I think there are another two important factors which keep me going. The first was that from day 1, I took Ben’s advice to practice meditation using Headspace on a daily basis. Headspace is a great tool for learning about our minds and it has helped me a lot since I started. I’ve also noticed that a lot of people like to talk a lot about mindset but it gets to a point where talking doesn’t help anymore. Kind of like with poker, we cannot learn by simply talking about strategy, we have to take action and do something every single day in order to get better at it.
The second point is that I have received constant support from my close family and my partner. My girlfriend especially, always tells me how she admires how many hours I dedicate to achieving my goals and how, regardless of my results, she believes in me. These conversations can easily turn a sour mood into a smile. I really believe what the coaches say about other people being our greatest asset.
What was your key to success when you started with BPC?
I only have the graph which was from CFP software. As you can see, I spent a lot of time at the micro stakes while I learned the game. It’s mostly the last 3-5 months where I have been pushing myself to grind more MTTs than ever.
- What was your biggest win during your journey?
My biggest win was in March where I came 1st in the $16.50 bounty builder. First prize was $2.3k + $1.3k for bounties. I was playing on the same table as M1ndCrtl (our HU and mindset coach) on the final two tables and we played together until he busted in 3rd. I managed to trap him with AA one time on the final table which is always fun.
People talk a lot about feeling pressure during big final tables but I was surprisingly calm during this deep run and I think I played a very solid game. I had already played a number of final tables with 2.5-5k top prizes earlier in the year; I was very much used to busting without winning big and didn’t really care if it happened again. Luckily for me, the guy I played HU with was a huge fish. He went into the HU match demanding a good price for a deal because he had 5x my stack and I was like no thanks, I am confident in my game. 30-45 mins later the full 1st prize was mine.
Would you recommend BPC to your friends?
I don’t have many friends who are playing poker at the moment lol. Regardless, I hope one day to have good enough results that will speak for themselves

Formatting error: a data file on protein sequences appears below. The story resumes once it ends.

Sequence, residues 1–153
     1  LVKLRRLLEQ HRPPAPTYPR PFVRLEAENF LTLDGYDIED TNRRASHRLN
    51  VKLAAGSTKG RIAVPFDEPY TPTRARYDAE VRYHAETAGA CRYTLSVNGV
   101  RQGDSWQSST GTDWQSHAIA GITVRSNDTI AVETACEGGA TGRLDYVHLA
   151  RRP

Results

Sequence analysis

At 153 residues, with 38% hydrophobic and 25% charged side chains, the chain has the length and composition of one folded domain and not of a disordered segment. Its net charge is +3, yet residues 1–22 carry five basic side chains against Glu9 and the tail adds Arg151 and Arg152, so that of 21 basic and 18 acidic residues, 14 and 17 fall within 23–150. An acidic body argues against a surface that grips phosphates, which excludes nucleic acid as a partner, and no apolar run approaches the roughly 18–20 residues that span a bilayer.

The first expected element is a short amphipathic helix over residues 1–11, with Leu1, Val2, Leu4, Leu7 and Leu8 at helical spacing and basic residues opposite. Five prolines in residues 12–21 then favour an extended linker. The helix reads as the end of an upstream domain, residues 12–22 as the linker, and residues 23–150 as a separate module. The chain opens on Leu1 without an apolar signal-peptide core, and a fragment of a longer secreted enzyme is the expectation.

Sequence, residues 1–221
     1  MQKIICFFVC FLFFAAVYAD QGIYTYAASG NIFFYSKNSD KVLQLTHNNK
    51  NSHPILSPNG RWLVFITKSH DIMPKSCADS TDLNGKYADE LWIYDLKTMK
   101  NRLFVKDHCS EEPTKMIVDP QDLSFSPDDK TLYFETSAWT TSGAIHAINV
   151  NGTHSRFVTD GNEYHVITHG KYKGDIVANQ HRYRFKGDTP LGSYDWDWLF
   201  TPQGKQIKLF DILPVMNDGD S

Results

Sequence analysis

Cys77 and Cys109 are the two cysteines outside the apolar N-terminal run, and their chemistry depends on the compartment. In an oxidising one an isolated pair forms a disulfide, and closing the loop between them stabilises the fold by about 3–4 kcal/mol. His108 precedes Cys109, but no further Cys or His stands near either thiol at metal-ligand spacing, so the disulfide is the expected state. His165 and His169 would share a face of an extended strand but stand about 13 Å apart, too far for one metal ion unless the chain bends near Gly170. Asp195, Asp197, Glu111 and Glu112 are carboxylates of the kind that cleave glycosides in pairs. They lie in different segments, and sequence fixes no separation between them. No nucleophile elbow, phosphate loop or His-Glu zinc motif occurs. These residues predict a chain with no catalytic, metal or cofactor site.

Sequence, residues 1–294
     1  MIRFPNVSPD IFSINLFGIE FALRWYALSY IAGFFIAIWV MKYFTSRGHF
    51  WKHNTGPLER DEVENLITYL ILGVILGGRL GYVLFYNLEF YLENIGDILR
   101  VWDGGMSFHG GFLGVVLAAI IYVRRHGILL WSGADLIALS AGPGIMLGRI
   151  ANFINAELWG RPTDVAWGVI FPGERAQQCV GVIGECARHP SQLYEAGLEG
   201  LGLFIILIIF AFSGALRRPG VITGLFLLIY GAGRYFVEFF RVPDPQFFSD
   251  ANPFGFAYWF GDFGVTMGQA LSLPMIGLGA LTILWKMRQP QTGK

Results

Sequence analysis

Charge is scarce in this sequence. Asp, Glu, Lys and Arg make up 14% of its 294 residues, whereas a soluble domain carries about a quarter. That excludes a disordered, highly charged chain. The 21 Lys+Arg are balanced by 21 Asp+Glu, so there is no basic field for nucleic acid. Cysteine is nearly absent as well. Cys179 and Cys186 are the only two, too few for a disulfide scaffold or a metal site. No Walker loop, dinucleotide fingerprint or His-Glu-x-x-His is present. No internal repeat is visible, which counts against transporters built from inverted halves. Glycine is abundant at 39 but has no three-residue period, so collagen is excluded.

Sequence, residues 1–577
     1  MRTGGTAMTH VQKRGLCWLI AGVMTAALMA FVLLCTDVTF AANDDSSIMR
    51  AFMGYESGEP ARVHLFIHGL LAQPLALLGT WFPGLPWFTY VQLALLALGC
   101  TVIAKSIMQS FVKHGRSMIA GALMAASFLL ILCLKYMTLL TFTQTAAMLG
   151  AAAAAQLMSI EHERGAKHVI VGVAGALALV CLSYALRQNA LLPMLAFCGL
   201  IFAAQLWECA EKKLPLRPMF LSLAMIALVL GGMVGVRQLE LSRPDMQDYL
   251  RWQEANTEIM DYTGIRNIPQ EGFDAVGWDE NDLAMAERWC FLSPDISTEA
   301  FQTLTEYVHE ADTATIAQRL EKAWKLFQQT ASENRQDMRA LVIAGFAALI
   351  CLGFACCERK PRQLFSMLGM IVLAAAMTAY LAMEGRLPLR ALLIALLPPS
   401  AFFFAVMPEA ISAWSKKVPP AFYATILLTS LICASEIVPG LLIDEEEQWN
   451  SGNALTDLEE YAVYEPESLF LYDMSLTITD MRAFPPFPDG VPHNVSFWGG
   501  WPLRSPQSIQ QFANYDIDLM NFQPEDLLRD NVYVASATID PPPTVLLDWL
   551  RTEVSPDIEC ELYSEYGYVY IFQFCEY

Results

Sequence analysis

To your fellow students: what would your number 1 tip be to improve their game?
Listen to your coaches. That’s all I’ve been doing from day 1. There’s a lot to learn for MTT grinding but I think as long as you just listen to those who have already achieved what you are trying to achieve, you’ll probably be fine.
What do you think of the BPC community and did they help in any way? How?
I really like the MTT discord group that we have. When we used Skype it seemed harder to get involved with others but now with discord, it feels like its growing into a nice community. It’s made me feel like I’m part of something bigger. I try my best to get involved with other students because it’s good to just communicate with as many people as possible who share the same goals. Also, you can see who is actually grinding every day because discord tells you when people are online playing poker.
What do you plan on doing next?
Now that I’ve finished the first part of my training, I imagine I’ll be grinding the low-mid stakes for a short while to consolidate my learning and build a bankroll. There are so many things to learn for MTTs that I think I will just need time to practice and go through everything again and again before I can move up more. I would like to eventually move up to the high stakes ($100+ buy-in MTTs) and I would really like to have Julian on my side once I am ready to learn to crush these limits.
Some last words for your fellow students?
I wanted to wish everyone else good luck and say thanks again to the awesome coaches. Grinding MTTs is tough and I’ve needed every single lesson they taught me. I haven’t had any coaching with Gordon but I watched his tilt free course and I’d also like to thank him for that content, as well as for putting together this community.